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Roscoe Lee Browne

Review: Uptown Saturday Night

[Originally published in Movietone News 35, September 1974]

Uptown Saturday Night would be a lot better film if it kept about the business of portraying Uptown Saturday night. Cram the events of this movie into one zany, frenetic dusk-to-dawn and you might, almost without worrying about it, create enough artificial pressure in space and time to make up for the fact that Sidney Poitier, directing his third feature film, still hasn’t much idea what to do with his camera. Mainly he and the movie try to get by on good faith and the proliferation of talented and likable black players—and good faith is easy to come by with Poitier himself, Bill Cosby, Roscoe Lee Browne, Richard Pryor, and the rest of the cast announced up front. Indeed, for anyone who may doubt that that’s the strategy, there are unabashed recognition shots for most of the players, so that the audience can greet them volubly without missing any exposition in the ensuing dialogue, and a sort of black Quiet Man finale—in which cameo shots of all the colorful characters are strung together in farewell—and to make up for the fact that the movie just lamely stops instead of arriving at an organically satisfying ending. Poitier also borrows a leaf from René Clair for his premise—a poor workingman (Poitier), having bluffed his way into a black gambling den, has his wallet lifted by holdup men and later learns that the numbers ticket inside is worth $50,000—and perhaps his opening, too, though here Rouben Mamoulian aficionados (are there any Rouben Mamoulian aficionados?) might protest that Mamoulian’s stage production of Porgy and Bess in the Twenties anticipated Clair’s early-sound frolics with its rhythmic, stylized-sound awakening of Catfish Row.

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Review: Logan’s Run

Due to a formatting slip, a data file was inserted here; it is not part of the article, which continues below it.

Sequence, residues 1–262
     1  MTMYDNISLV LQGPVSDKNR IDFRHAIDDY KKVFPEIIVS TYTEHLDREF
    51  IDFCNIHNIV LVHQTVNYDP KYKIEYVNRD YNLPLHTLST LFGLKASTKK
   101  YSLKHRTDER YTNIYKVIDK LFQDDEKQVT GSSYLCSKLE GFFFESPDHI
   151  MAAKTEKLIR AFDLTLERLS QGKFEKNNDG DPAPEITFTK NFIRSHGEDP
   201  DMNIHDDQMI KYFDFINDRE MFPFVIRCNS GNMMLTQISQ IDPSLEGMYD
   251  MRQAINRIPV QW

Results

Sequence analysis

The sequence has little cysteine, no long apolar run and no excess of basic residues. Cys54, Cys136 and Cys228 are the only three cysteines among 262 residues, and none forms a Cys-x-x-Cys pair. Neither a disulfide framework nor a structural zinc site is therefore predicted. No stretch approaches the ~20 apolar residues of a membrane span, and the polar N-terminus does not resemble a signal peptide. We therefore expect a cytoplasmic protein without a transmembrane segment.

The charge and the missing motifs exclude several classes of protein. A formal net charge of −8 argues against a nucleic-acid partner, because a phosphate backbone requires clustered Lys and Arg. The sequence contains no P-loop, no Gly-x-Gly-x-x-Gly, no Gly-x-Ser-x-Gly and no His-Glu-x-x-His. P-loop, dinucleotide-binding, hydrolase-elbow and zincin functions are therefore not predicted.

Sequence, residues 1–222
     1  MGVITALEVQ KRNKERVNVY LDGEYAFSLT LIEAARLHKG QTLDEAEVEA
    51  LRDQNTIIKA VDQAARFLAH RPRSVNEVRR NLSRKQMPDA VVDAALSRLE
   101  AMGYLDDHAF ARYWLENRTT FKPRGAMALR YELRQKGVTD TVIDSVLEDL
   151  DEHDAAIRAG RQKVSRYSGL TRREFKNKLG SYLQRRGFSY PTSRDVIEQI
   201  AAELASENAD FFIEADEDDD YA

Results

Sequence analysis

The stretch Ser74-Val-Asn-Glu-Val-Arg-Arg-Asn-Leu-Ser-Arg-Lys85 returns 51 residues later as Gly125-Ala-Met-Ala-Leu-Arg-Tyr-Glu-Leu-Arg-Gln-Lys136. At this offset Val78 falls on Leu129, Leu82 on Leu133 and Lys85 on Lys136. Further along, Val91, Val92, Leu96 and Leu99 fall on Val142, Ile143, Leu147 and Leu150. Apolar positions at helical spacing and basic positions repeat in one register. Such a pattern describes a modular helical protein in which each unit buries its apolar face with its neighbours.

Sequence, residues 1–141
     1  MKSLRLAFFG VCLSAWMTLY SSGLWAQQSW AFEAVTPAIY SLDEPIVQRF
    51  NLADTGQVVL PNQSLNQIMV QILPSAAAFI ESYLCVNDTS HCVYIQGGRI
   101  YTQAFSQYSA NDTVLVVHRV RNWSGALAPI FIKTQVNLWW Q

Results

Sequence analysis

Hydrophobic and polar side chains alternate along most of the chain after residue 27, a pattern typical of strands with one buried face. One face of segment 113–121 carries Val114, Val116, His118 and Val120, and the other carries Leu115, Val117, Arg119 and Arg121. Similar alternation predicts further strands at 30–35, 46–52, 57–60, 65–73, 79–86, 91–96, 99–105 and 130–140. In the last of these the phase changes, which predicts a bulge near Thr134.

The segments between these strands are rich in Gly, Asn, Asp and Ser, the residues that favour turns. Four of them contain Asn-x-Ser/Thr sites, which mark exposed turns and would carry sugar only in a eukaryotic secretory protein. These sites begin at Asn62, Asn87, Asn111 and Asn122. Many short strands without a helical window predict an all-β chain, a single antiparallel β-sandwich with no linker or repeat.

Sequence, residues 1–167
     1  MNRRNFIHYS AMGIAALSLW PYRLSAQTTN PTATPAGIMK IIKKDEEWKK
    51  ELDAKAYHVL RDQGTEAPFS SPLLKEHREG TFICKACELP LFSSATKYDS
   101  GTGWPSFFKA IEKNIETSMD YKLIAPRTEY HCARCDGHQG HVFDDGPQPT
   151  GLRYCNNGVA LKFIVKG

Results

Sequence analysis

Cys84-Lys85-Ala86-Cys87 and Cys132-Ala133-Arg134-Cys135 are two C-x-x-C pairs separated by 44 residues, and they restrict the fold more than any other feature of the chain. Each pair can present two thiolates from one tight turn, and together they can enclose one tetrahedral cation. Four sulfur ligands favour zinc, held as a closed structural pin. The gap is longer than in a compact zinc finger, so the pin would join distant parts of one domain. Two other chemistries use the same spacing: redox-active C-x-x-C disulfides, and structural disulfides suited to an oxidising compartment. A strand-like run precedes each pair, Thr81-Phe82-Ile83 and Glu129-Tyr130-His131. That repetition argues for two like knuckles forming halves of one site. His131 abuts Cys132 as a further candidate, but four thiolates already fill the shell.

[Originally published in Movietone News 50, June 1976]

Several people have assured me that Logan’s Run is a well-above-average science fiction novel; not having read it, I’m hardly about to contradict them, or attempt to blame the failure of the film version on the novelists. But as Logan’s Run dribbled out via a hasty, convenient, and not very convincing conclusion, I found myself reflecting that sf writers can get away with a lot on the printed page that moviemakers just can’t. At least until its current wave of respectability, sf put its practitioners in an economic/aesthetic bind: even a talented sf writer was faced with a shortage of time to work through his ideas and polish his narrative—gotta make a sale, buy bread and typewriter ribbon, and get on with the next one. And so you may be reading along in a sci-fi novel, find yourself turned on by the visionary or dramatic possibilities of a situation—say, 20 pages’ worth of prose—and then find yourself back in flat, uninvolving, strictly functional 10-cents-a-word narrative territory until the next intriguing passage heaves into view. A writer who has to get his character out of a tight spot can reach for his dot-dot-dot and announce a new chapter, cutting away in time and space, coming back to his character when it’s handy to do so, and trusting the casually surreal nature of the genre to soothe the savage beast of linear narrative curiosity. In a film, no way.

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